As everyone who has ever seen a television commercial knows, one does not simply use a gendered product that's been assigned to the other gender. One must wait until a marketing team devises a gender-appropriate version, and then rush out and throw money at it. This is why we have steak houses for women and why we have brogurt, which is yogurt for men. Because of this age-old tradition, men have been waiting since the dawn of time to get manis and pedis — and now, finally, the prayers that they made by clasping together their gnarled and ungroomed cuticles have been answered.
Behold: Hammer & Nails, which is billed as a "nail shop for guys." Try to imagine, if you will, an oasis of masculinity. Per the Hammer & Nails website:
Imagine a haven where man’s most difficult decisions hinge on which channel to watch or what beverage to sip. The vibe is a luxurious one, one comprised of soft leather, dark wood, and steel. There is no fight for the remote, no lady gossip in your ear, and certainly no shortage of relaxation. This is Hammer & Nails and we put the “man” in manicure.
Hammer & Nails was dreamt up when the company's future CEO went to a nail salon. "He looked at the magazines, the pastel colors, and the television displaying babbling brooks and blossoming tulips." As noted philosopher Slavoj Zizek will tell you, a tulip is literally the exact same thing as a vagina. So, obviously, "he felt discomfort. He wanted nail treatment, but he also wanted to feel at home, content with his surroundings. He felt conflicted."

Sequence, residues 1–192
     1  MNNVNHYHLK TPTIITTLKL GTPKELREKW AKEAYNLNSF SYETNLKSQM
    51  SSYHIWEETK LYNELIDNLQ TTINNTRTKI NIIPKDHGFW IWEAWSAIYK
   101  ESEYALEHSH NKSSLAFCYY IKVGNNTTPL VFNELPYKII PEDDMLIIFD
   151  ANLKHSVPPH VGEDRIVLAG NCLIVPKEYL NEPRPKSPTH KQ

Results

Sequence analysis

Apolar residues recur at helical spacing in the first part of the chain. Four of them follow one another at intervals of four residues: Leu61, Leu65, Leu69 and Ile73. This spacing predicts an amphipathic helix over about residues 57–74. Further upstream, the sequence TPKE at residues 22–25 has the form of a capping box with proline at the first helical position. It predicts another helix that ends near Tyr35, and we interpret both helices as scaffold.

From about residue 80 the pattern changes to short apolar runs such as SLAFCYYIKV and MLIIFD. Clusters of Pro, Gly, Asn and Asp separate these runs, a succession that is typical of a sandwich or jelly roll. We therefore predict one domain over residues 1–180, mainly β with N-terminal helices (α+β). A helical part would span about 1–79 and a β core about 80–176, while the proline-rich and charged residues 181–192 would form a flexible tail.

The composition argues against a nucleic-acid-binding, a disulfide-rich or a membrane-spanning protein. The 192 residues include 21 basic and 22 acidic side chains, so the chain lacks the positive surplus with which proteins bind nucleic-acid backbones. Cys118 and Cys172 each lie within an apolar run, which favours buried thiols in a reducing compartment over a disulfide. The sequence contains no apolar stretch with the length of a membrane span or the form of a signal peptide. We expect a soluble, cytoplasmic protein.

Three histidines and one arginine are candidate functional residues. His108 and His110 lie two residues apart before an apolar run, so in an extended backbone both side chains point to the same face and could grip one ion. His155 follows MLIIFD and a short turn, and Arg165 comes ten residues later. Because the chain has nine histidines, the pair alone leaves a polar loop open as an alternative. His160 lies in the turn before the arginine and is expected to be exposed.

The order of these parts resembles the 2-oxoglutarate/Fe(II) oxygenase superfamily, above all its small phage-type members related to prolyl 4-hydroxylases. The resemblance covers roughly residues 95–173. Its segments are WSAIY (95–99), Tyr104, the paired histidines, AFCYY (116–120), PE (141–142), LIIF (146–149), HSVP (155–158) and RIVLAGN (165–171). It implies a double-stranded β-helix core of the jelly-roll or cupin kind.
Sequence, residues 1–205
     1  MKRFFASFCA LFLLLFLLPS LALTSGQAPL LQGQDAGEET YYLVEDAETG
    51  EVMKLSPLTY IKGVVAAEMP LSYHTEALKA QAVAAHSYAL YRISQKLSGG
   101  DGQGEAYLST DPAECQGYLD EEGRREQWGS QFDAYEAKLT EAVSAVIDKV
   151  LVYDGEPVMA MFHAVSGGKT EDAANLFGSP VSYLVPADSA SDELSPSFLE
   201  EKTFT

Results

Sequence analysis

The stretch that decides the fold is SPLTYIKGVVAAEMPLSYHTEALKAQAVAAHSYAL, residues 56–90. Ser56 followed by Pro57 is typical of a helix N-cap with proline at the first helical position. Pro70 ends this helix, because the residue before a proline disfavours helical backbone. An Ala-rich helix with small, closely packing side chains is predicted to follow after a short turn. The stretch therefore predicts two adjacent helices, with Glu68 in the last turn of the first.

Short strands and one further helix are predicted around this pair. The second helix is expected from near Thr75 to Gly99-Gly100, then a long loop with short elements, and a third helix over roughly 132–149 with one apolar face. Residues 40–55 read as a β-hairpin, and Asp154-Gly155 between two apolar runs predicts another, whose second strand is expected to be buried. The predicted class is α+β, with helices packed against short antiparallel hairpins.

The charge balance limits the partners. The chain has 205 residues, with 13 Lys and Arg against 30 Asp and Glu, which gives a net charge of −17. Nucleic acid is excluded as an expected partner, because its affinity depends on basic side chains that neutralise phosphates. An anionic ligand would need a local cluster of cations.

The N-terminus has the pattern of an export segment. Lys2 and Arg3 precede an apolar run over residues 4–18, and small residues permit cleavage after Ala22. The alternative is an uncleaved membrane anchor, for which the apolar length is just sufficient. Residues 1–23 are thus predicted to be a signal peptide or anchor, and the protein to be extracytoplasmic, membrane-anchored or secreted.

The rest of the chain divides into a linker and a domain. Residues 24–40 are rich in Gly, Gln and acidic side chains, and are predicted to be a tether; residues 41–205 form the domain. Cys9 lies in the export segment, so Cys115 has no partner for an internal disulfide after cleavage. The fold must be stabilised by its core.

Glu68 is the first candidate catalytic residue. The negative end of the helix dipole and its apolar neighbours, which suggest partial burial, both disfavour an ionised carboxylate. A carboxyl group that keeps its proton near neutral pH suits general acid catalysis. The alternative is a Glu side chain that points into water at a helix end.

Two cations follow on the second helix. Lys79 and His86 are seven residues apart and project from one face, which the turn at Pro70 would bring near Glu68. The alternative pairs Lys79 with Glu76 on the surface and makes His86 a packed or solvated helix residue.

And thus was Hammer & Nails born. It's meant to "give men the treatments they love, sans the feminine details." Perusing the shop's photo gallery, it seems as though the interior design team said, "Okay, everyone, write down 5 things men love and we will compile a list and then go from there" and then every single person just wrote "Tools. Sports. Cars. Fine leather goods. That's it." It's billed as the "Ultimate man cave," which it just might be.
This is not to say that I think Hammer & Nails is a bad thing or a bad idea. I really like the concept of a nail salon for men — as a feminist, I support equal-opportunity spa treatments — plus, those fine leather chairs look extremely comfortable. I would go to Hammer & Nails all the time because it looks very luxurious in there. However, anxiously setting up rigid gender demarcations around certain things tends to do a lot to perpetuate certain sexist ideas. In this case, it's that women are trivial and vain and icky ("no lady gossip in your ear" is billed as a plus), whereas men are useful strong guys who deserve to be pampered.